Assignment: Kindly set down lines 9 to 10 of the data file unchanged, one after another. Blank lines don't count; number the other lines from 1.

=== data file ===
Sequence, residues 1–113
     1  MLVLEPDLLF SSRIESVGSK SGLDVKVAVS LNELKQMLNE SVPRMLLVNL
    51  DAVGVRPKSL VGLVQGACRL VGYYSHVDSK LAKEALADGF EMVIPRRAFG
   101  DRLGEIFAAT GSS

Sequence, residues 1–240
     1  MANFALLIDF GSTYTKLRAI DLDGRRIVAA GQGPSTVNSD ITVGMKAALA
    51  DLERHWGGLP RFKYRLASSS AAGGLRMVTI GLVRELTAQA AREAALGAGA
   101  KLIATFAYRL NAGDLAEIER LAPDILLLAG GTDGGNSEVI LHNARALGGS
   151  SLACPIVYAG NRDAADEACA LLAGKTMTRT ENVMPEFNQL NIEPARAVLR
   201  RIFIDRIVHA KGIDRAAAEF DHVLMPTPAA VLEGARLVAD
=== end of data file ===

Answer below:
   151  SLACPIVYAG NRDAADEACA LLAGKTMTRT ENVMPEFNQL NIEPARAVLR
   201  RIFIDRIVHA KGIDRAAAEF DHVLMPTPAA VLEGARLVAD